Aside from his innovations on the stage and vibrant, socially minded commentary, Brecht is equally known for his theatre theory and his vision for theatre to evolve into a tool for political change. As a committed Marxist, Brecht intended the theatre as a space where the everyman could develop a critical understanding of the oppressive bourgeoisie and act to shift the balance of power.
Unfortunately, Brecht’s own productions were largely unsuccessful in delivering the kind of political results he theorized about. Plays like The Threepenny Opera were embraced by bourgeois spectators, who were not very offended by Brecht’s criticism of them. In fact, Brecht has become one of the most commercially successful brands in theatre around the world today.
Photo by Ed Ellis.
Brecht’s theoretical writings have, however, inspired many a social activist to create theatre with the purpose of undoing repressive systems. Away from the commercialism and fetishization of theatre in the developed world, Brechtian theory has left an indelible mark on performance in many parts of the third world. The immediate necessity to empower citizens against violent oppression has allowed for Brecht’s ideas to be adapted, resulting in the creation of populist, social action-oriented forms of theatre.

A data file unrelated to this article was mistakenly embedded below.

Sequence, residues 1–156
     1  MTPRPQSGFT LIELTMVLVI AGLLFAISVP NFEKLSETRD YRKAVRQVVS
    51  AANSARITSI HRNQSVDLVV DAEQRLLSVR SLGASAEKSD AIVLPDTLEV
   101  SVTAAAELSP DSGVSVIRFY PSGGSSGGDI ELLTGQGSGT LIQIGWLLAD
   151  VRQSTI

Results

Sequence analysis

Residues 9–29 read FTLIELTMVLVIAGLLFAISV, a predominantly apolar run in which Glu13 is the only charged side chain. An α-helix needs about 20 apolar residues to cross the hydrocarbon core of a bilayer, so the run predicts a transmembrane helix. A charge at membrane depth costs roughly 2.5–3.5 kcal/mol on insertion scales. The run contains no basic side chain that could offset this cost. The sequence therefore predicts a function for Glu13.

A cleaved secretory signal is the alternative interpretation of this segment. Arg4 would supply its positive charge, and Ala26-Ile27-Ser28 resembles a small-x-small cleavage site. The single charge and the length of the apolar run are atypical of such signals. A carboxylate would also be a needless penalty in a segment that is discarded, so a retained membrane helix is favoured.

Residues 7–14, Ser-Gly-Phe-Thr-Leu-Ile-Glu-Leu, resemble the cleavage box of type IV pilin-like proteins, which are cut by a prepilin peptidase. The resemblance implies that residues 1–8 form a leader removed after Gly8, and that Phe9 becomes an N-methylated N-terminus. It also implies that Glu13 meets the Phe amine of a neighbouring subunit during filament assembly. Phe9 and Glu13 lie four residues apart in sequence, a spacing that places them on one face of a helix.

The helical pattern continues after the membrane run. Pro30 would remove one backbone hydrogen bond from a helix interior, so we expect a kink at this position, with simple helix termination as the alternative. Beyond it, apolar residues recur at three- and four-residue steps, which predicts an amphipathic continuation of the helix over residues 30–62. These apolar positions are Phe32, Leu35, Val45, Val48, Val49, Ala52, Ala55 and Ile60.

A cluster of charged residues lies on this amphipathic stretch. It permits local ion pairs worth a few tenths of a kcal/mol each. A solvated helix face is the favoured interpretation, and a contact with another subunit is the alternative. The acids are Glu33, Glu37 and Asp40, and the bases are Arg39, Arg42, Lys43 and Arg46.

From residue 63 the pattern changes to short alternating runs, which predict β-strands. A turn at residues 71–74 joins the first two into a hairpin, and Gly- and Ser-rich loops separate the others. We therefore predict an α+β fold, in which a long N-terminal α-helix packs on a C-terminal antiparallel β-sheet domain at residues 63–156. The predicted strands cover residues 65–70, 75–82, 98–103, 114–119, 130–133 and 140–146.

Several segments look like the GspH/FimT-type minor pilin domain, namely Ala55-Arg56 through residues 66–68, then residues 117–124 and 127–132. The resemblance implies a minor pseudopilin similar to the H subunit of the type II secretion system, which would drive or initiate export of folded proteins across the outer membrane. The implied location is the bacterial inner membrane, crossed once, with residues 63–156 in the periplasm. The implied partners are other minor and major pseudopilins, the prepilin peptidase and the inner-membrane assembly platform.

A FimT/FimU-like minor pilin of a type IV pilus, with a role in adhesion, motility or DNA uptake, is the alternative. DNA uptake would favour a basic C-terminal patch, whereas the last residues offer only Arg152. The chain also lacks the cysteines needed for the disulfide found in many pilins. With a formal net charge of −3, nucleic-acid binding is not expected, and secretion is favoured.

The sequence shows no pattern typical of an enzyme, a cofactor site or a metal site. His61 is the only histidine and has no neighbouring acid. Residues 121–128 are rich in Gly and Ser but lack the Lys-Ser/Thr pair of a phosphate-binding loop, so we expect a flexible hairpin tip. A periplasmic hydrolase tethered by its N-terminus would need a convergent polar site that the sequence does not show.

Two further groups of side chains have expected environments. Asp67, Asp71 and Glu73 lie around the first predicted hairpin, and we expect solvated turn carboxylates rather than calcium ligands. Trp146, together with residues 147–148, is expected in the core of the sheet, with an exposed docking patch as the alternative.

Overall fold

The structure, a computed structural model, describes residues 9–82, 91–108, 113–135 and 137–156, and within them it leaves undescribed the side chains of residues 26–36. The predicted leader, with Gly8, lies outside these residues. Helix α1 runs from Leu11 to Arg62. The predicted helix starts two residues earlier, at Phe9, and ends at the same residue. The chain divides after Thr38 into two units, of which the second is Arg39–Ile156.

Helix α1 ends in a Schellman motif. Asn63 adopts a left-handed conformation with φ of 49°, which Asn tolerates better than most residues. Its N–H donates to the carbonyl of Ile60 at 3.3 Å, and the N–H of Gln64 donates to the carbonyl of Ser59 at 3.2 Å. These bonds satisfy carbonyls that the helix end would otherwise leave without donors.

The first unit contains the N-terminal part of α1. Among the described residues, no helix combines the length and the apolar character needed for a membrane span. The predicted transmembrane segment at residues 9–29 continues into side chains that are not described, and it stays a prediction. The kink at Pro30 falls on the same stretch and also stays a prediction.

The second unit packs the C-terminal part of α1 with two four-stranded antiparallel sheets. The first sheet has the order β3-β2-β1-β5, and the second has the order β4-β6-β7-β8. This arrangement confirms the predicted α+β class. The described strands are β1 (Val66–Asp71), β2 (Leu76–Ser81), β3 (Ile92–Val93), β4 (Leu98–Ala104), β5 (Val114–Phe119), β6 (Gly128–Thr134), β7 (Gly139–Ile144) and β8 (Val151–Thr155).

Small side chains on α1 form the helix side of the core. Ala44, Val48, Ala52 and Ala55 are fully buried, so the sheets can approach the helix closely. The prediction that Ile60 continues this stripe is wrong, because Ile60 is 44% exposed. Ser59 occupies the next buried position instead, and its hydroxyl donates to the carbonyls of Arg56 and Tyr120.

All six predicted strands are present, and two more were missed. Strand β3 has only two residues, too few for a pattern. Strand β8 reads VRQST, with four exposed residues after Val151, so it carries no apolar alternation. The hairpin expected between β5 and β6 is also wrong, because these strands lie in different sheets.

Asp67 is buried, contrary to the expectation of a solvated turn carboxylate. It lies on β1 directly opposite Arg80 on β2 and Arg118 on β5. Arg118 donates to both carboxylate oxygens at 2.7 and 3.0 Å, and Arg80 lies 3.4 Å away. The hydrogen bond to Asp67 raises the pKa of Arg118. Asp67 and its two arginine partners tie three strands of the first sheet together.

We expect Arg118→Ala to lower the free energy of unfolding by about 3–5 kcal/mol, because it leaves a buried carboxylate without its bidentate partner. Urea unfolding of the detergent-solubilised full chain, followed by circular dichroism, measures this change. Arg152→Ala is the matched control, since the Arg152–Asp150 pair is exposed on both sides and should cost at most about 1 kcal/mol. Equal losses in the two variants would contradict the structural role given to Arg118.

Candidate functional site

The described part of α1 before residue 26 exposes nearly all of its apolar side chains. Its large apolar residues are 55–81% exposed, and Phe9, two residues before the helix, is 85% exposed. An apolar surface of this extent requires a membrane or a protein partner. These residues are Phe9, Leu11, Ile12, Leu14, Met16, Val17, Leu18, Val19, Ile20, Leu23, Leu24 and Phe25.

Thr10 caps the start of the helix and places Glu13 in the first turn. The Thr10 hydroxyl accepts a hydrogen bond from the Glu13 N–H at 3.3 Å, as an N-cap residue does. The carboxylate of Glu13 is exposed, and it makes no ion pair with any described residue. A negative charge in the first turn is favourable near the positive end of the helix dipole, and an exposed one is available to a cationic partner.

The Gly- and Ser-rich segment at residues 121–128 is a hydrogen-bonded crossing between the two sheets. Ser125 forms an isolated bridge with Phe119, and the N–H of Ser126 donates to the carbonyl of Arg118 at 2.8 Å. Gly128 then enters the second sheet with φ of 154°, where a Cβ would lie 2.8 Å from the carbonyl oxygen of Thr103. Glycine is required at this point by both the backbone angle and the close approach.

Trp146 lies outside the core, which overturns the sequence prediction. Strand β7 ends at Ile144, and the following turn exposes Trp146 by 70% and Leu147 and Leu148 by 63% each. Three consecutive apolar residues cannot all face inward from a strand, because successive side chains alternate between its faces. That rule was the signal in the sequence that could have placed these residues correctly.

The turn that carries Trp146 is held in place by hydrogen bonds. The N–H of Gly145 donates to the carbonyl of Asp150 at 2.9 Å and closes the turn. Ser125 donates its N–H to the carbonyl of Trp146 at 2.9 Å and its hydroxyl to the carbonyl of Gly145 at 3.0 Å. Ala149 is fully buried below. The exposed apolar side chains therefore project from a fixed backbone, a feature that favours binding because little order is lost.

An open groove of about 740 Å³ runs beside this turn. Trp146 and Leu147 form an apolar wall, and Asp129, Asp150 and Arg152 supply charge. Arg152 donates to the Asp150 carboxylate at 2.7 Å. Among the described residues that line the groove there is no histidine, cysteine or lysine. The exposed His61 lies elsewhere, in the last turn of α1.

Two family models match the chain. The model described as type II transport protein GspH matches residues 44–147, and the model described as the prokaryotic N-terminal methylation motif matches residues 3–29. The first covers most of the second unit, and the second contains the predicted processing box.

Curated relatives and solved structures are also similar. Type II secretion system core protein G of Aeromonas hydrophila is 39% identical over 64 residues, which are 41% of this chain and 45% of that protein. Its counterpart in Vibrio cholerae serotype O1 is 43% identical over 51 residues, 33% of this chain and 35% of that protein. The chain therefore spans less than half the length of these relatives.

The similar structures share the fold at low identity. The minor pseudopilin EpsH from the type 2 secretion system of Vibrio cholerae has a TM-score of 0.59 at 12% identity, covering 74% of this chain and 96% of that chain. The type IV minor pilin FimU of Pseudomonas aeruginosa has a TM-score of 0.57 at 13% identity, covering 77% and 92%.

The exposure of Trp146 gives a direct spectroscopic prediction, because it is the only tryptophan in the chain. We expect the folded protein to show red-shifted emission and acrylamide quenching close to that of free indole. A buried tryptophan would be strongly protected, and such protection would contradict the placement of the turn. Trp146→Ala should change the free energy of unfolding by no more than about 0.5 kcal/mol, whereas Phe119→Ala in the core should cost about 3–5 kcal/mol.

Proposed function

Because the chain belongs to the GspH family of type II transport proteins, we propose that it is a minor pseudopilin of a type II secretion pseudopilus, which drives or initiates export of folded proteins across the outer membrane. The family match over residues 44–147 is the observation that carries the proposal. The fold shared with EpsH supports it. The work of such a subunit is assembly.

A prime example of Brecht’s legacy is the work of Augusto Boal in Latin America. Boal was dedicated to creating grassroots left activism in Brazil in the 1960’s. Soon exiled to Argentina because his theatre was seen as a threat by the new Brazilian military government, Boal began to develop a unique genre of performance that involved the spectator taking charge of the play’s action. This became popularly known as ‘forum’ theatre, and was noticeably Brechtian in its concept and execution.
In a forum theatre piece, the audience is seated quite close to the performers, who enact a tableau of everyday social oppression. Audience members are then invited to participate in a re-enactment of the scene, and they can substitute themselves for any of the characters. When the scene is played again, the participants are free to change the situation from one of oppression to one of liberation.
The effect of an audience member actually participating in a scene to undo its oppressive nature lends them a certain agency in social change. Forum theatre thus achieves the ultimate Brechtian goal of audience involvement and interaction, transforming their status in performance from passive spectators to dynamic ‘spect-actors’.
Schutzman, Mady, and Jan Cohen-Cruz. Playing Boal: Theatre, Therapy, Activism. London: Routledge, 1994. Print.